Girish Mahajan (Editor)

Loganair Flight 670A

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Passengers  0
Survivors  0
Date  27 February 2001
Total fatalities  2 (all)
Locations  Scotland, Firth of Forth
Crew  2
Aircraft type  Short 360-100
Operator  Loganair
Survivor  0
Loganair Flight 670A httpsuploadwikimediaorgwikipediacommonsthu
Summary  Double engine failure; ditching
Site  Firth of Forth, Scotland
Destination  Belfast International Airport
Similar  2001 Omsk An‑70 crash, Binter Mediterráneo Flight 8261, 2001 Avjet Aspen crash, Thai Airways Internatio, Yemenia Flight 448

Loganair Flight 670A (LC670A) was a scheduled cargo flight for the Royal Mail from Edinburgh-Turnhouse Airport, Scotland to Belfast International Airport. On 27 February 2001 the Short 360 operating the flight ditched in the Forth estuary off Edinburgh at around 17:30 local time; the two crewmembers' bodies were found in the wreckage a few hours after the crash.


Aircraft and crew

The accident aircraft was a Short 360-100 turboprop airliner manufactured by Short Brothers Limited in 1987, constructor's serial number SH 3723 and registered G-BMNT. It was powered by two Pratt & Whitney Canada PT6A-67R engines. Its passenger seats had been removed for use as a freighter and its Certificate of Airworthiness was valid until 15 October 2001. The aircraft was loaded with 1,360 kg (3,000 lb) of fuel and carried 1,040 kilograms (2,293 lb) of cargo with a total weight at takeoff of 10,149 kilograms (22,375 lb). Maximum certified takeoff weight of the Short 360 is 12,292 kg (27,100 lb).

The crew consisted of a 58-year-old male holding a valid Airline Transport Pilot's licence and with 13,569 hours' flying experience, as the pilot in command. The co-pilot was a 29-year-old male, also with a valid licence and 438 total flight hours.


At 17:10 local time the first officer requested clearance and, after a short delay, the crew taxied to depart from runway 06. With the pilot flying, a normal takeoff was followed by a normal reduction in power at 1,200 feet amsl. At 2,200 feet the co-pilot selected the anti-icing systems on while the pilot changed to a new radio frequency. Four seconds later the torque indicators for both engines rapidly fell to zero and the aircraft suffered a complete loss of propeller thrust. As the first officer radioed a Mayday call on the Air traffic control frequency, the pilot initiated a descent with a reduced airspeed of 110 kt while turning right towards the coast. Realizing they couldn't reach shore the crew prepared for ditching. At an airspeed of 86 kt with a 6.8 degree nose up and 3.6 degree left wing down attitude the aircraft impacted the water heading 109 degrees magnetic.


The aircraft was found 65 metres off shore in a 45 degree nose down attitude, with the forward half of the fuselage submerged in a water depth of approximately 6 metres. The flight deck was almost completely destroyed and the fuselage was firmly embedded in the sand. The empennage had separated and was found floating 100 metres to the east of the main wreckage. Both crew seats remained attached to the flight deck floor with no failure of the safety harnesses. The cockpit voice recorder (CVR) and flight data recorder (FDR) were both recovered intact. The Short 360 was eventually salvaged with some difficulty, and was dismantled before it was transported to Air Accidents Investigation Branch (AAIB) headquarters at Farnborough for a detailed examination.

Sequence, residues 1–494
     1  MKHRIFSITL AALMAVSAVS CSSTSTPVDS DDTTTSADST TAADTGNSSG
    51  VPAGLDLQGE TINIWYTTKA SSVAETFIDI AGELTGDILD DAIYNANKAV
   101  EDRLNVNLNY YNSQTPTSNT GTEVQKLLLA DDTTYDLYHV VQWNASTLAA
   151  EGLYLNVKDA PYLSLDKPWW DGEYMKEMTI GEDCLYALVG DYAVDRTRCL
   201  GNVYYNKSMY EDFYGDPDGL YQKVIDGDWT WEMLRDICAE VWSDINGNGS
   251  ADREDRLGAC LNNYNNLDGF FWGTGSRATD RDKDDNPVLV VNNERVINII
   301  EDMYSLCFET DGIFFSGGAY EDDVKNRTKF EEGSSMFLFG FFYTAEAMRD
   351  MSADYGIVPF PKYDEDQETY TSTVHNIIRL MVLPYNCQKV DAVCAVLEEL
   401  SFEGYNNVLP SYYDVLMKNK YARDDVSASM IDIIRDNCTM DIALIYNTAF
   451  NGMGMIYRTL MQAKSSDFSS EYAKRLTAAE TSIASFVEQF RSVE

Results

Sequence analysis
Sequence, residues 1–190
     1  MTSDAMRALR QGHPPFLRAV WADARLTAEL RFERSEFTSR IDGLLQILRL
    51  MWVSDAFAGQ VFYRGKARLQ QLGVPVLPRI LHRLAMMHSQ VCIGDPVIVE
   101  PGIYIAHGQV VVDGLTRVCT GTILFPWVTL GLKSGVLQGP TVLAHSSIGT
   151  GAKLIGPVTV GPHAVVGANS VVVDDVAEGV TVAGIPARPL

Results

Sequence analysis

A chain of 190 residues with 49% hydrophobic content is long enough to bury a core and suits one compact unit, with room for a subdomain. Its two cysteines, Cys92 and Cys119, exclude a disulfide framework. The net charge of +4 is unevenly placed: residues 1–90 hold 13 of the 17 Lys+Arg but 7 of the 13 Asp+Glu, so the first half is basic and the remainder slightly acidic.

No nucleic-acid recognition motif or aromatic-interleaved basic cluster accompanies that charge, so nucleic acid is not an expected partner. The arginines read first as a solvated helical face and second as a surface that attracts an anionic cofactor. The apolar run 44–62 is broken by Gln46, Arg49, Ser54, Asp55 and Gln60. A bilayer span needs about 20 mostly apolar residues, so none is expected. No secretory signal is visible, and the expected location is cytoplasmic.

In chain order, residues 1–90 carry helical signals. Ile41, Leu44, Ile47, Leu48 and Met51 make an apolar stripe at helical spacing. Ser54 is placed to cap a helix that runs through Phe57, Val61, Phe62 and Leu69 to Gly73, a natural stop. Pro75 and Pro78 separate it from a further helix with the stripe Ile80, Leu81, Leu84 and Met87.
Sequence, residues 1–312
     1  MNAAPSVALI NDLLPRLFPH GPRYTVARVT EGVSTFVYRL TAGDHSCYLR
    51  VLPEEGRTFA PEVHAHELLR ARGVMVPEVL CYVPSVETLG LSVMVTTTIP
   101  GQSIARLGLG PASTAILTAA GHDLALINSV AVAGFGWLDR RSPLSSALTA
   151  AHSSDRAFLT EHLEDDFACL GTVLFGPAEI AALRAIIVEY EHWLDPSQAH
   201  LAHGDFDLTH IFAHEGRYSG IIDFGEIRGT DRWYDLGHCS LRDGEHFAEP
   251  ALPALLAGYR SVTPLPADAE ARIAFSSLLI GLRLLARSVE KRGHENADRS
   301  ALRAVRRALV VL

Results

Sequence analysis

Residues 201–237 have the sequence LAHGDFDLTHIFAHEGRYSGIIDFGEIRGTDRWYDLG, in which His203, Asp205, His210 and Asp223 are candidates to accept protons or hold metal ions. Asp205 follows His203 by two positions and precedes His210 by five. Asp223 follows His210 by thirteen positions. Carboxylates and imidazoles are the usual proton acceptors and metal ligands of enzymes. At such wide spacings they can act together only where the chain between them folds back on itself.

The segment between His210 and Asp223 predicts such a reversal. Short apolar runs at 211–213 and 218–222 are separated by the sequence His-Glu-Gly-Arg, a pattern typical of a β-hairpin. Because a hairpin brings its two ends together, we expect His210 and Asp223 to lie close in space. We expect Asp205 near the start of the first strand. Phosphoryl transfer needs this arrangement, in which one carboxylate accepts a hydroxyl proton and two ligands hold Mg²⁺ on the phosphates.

Upon investigation, it was concluded that the crash had been caused primarily by the lack of an established practical procedure for flight crews to install engine air intake covers in adverse weather conditions.

The aircraft landed at Edinburgh Airport, Scotland, at midnight in snow conditions and was then parked heading directly into moderate to strong surface winds for approximately 17 hours. Because no protecting plugs were put inside the engine intakes, the wind drove a significant amount of snow into the intakes. The intake plugs were not carried as part of the aircraft's onboard equipment and they were not readily available at Edinburgh Airport. Information concerning freezing weather conditions in the aircraft manufacturer's maintenance manual had not been including in the airline's Short 360 Operations Manual and was therefore not complied with. The AAIB discovered that large volumes of snow or slush could have accumulated where it would not have been readily visible to the crew during a pre-flight inspection (the engine intakes on a Short 360 are about 2.8 m (9 ft) above the ground). On takeoff this snow changed the engine intake air flow, causing both engines to flame out after both engines' anti-ice vanes were simultaneously opened as per the standard operating procedure. It was noted by the investigators that selecting engine anti-ice 'on' sequentially with a time interval between would have prevented a simultaneous dual engine flameout.

Similar occurrence

During the course of the investigation the AAIB was made aware of a similar incident eight years before the loss of G-BNMT. A Short 360 operated by a different airline suffered a dual engine power loss while on its takeoff run. The source of the problem was found to be the accumulation of ice and snow during operation in sub-zero temperatures.


As a result of this incident several recommendations were released by the AAIB and the aircraft manufacturer suggesting changes to current operations of Short 360 aircraft in near-zero or sub-zero temperature conditions, including:

  • Flight Operation Department Communication 17/2001 published on Oct. 20, 2001 by the AAIB.
  • All Operator Message SD002/02 released by Short Brothers on March 4, 2002.
  • Recommendations 2002-39, 2002–40 and 2002–41 based on findings of the investigation, issued by the AAIB.
  • References

    Loganair Flight 670A Wikipedia

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